We arrived at Staples Center, where Hayes and his team peeled off for rehearsal. Awards shows run through a word-for-word full performance; if you think three and a half hours is a long time, imagine hosting it twice in a row, which poor LL Cool J did. Staff members in work clothes play the role of musicians for their acceptance speeches. (Winners are announced like this: "And the winner, for this rehearsal only, is . . .") Hayes' own schedule, with his three potential awards and his performance, was plotted out to the minute.
The Grammys give some fans day passes to watch the rehearsal. I took a seat as Sting joined Rihanna, Ziggy Marley and others for their unexplained tribute to Bob Marley.
A Grammys rehearsal is uninspiring; with sparse attendance and regular lighting, the spectacle is hugely diminished. Only by watching the big-screen monitors does it at all resemble the larger-than-life event as I've consumed it onscreen over the years, when the simulacrum replaces reality. In person, the musicians look like regular human beings, small bodies on a nearby stage.
Hayes flawlessly delivered his performance and introduction of Carrie Underwood, for whom he is currently opening. The key line in the chorus to "Wanted" tells you something about the earnestness and sublimation of his songwriting: "I wanna make you feel wanted." Compare that to other classic lines of desire, such as Cheap Trick's famous "I want you to want me," or the Ramones' "I wanna be sedated" (or "I wanna be your boyfriend").
At two o'clock I left rehearsal, crossing paths outside with Ryan Seacrest in a golf cart. I met Hayes' publicist at the holding pen for the red carpet, which was just heating up and where Hayes would be shortly arriving. When he arrived, in a tuxedo and his leather Converses, I followed his crew, and two volunteer talent escorts, onto the carpet itself, where musicians mingled with industry players and their guests.
A gauntlet of TV crews buttonholed any celebrity who walked by. My facial recognition of music stars extends only to the super-famous or those who were entrenched in the mainstream before, say, 2003; when Bruno Mars walked past me later, I had no clue who he was until his performance. (I must not have been watching him carefully during the motley-crew Marley tribute rehearsal.) My rule of thumb was that the less job-interview-appropriate the wardrobe, and the more visible the tattoos and piercings, the more likely the person was a musician.
Hayes interview-hopped, answering the same questions he had fielded from Access Hollywood. After 10 minutes, I looked down the receiving line; he had about 20 more stops to go. He seemed to enjoy himself most with Sophia Grace Brownlee, an eight-year-old singer discovered by Ellen DeGeneres, and her five-year-old cousin Rosie. The girls dispensed heart-shaped candy to him. I thought about asking for some myself, having eaten only a handful of blackberries that morning after four hours of sleep on an air mattress following a cross-country flight.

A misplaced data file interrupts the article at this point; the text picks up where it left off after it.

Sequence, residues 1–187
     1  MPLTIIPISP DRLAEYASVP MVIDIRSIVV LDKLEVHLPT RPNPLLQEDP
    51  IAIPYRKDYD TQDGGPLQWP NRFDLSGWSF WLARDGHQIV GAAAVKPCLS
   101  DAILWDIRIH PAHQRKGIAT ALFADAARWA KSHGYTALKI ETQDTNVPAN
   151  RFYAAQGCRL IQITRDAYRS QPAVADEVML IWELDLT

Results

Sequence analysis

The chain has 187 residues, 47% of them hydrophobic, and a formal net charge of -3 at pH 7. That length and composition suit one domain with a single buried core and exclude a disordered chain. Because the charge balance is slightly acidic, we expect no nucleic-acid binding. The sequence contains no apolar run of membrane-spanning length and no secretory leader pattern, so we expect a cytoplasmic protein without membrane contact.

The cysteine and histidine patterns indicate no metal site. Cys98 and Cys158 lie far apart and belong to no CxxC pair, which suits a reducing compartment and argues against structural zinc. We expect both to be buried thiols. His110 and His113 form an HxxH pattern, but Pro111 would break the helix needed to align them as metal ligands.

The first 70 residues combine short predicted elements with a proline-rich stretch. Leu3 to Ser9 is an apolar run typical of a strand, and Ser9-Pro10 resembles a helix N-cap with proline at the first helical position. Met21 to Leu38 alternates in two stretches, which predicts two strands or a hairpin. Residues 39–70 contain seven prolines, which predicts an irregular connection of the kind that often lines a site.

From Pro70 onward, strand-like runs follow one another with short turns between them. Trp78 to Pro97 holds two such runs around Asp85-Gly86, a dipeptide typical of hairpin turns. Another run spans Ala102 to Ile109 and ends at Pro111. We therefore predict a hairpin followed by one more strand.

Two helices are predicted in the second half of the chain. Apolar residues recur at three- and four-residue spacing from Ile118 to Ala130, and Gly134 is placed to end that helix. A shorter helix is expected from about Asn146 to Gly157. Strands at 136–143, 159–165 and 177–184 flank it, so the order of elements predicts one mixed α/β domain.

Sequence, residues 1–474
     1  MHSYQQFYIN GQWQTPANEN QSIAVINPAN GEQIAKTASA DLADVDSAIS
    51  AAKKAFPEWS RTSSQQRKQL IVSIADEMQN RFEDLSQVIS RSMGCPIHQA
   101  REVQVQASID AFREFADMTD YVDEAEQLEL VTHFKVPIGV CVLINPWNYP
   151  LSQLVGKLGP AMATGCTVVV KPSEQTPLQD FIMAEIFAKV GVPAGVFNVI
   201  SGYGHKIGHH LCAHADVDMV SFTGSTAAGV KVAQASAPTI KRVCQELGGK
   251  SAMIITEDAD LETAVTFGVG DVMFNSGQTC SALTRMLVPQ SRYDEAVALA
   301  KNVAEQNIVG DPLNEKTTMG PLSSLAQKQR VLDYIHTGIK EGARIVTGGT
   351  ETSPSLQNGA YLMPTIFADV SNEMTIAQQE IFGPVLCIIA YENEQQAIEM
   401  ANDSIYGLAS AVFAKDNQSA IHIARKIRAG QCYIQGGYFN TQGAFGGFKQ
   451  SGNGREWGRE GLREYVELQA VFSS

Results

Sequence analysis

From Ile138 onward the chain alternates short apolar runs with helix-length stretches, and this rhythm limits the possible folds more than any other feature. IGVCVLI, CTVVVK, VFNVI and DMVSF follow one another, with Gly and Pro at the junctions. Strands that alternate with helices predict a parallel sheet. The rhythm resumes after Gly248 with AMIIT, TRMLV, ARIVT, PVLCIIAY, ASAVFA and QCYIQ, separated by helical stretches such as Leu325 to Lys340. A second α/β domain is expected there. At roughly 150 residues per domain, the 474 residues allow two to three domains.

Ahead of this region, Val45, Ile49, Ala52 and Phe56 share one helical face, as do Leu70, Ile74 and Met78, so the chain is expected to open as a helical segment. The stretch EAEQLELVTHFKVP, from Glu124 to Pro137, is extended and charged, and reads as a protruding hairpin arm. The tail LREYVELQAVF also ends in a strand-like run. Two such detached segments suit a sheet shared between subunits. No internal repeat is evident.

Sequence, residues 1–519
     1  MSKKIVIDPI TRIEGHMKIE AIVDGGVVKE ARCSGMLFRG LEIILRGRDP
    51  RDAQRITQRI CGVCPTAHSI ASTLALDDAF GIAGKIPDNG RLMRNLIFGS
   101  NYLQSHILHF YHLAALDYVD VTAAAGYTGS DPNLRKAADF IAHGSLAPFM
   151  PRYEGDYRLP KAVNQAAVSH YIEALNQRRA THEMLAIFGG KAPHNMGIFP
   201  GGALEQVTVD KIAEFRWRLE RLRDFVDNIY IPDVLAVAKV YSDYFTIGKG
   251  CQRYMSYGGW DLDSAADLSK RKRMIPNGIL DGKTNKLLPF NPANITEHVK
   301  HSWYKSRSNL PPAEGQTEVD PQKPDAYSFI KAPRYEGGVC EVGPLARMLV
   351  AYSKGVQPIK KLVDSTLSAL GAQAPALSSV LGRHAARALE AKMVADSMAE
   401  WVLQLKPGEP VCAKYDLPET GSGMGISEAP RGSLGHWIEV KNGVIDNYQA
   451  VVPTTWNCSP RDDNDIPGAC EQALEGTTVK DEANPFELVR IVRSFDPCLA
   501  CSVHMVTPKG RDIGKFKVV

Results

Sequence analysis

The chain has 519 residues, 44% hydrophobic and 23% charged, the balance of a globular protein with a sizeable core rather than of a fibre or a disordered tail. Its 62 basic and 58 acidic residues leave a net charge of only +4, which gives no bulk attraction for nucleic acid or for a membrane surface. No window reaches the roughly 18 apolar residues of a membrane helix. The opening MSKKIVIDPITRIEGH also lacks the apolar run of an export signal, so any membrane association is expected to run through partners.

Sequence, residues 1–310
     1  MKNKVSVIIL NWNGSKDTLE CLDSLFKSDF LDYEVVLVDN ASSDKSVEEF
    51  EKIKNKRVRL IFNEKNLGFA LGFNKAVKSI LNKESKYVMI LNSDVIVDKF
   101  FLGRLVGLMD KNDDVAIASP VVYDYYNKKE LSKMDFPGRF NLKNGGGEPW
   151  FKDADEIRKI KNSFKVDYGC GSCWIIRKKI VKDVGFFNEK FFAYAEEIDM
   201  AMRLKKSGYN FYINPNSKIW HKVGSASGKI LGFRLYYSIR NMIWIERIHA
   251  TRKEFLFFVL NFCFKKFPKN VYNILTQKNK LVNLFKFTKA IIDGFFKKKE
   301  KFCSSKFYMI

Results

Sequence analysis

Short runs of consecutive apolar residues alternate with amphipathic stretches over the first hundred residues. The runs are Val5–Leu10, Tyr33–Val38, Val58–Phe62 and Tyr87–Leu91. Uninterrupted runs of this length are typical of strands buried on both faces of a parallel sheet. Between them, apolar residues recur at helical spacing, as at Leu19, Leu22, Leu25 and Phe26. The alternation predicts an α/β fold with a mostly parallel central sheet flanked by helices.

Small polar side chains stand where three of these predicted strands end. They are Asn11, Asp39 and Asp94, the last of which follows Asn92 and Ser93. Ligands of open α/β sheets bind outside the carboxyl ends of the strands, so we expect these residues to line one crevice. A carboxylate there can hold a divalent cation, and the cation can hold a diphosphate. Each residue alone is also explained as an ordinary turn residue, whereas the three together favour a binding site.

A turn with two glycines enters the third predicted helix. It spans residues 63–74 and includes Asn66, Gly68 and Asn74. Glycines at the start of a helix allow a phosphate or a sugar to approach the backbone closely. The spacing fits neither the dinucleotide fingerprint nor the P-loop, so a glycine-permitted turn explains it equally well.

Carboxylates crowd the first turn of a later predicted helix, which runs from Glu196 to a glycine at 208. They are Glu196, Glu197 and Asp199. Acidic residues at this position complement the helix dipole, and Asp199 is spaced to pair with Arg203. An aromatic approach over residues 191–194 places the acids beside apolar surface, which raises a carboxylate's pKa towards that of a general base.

At the end of the red carpet, celebrities must endure a fusillade of photos in front of bleachers full of screaming fans. Hayes scored an especially warm ovation from the crowd. I trailed him and his people through a garage and up to the tucked-away talent entrance, a long red-carpeted tunnel covered in transparent plastic. When we reached the metal detectors to the arena, my credentials no longer provided me access. I left, but hung out unmolested around the opening of the tunnel along with some cops and a few Grammy staff. Away from the spotlight, most acted like normal human beings, but – blind item! – which well-known singer arrived in a terrifying convoy of a dozen hangers-on, stalking into two Navigators that screamed out of the garage without much regard for pedestrians, then returned 15 minutes later on foot, marching with the heavy footsteps of a brigade?
If you're still reading this, it means you probably watched the show, so I won't say much about the event itself except that attendees were still scrambling for their seats as the live broadcast began; that we were instructed to "applaud for the Grammys" at the end of each commercial break, a helpful imperative in case you'd forgotten where you were; that a large cookie and bottle of water at the concession stand cost me eight dollars; that the line for the gift bag at the official afterparty was too long to investigate, but the savory mushroom bread pudding made up for it; and that Hunter didn't win any of his categories, yet nailed his performance and betrayed no sour grapes. Bieber, on the other hand, hosted Saturday Night Live the night before to promote his new album and to distract his fans from his lack of nominations, and then attempted to set up a live-stream concert during the awards (he hit some technical snags). He also catalyzed the cyber-bullying of the Black Keys' drummer, who made an innocuous comment about Bieber after the show.
Later that night, Hayes tweeted to his 400,000-plus followers, "Had a fantastic night. Got to play one of my own songs on the GRAMMY's and watch a seriously awesome show! #thankyou!!! Wicked cool:)"
It won't be Hayes' last Grammys. It'll probably be mine.
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